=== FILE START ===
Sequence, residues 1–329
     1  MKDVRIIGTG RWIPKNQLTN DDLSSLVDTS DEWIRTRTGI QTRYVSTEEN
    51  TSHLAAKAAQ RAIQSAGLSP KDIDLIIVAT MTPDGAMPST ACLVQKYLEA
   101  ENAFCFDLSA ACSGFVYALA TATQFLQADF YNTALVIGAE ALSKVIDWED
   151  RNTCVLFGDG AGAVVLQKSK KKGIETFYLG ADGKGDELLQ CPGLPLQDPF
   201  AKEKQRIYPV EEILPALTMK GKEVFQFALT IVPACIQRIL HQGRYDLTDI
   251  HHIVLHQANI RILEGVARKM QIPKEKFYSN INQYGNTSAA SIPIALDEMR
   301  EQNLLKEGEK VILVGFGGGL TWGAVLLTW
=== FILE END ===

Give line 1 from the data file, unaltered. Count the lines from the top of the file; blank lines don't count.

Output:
Sequence, residues 1–329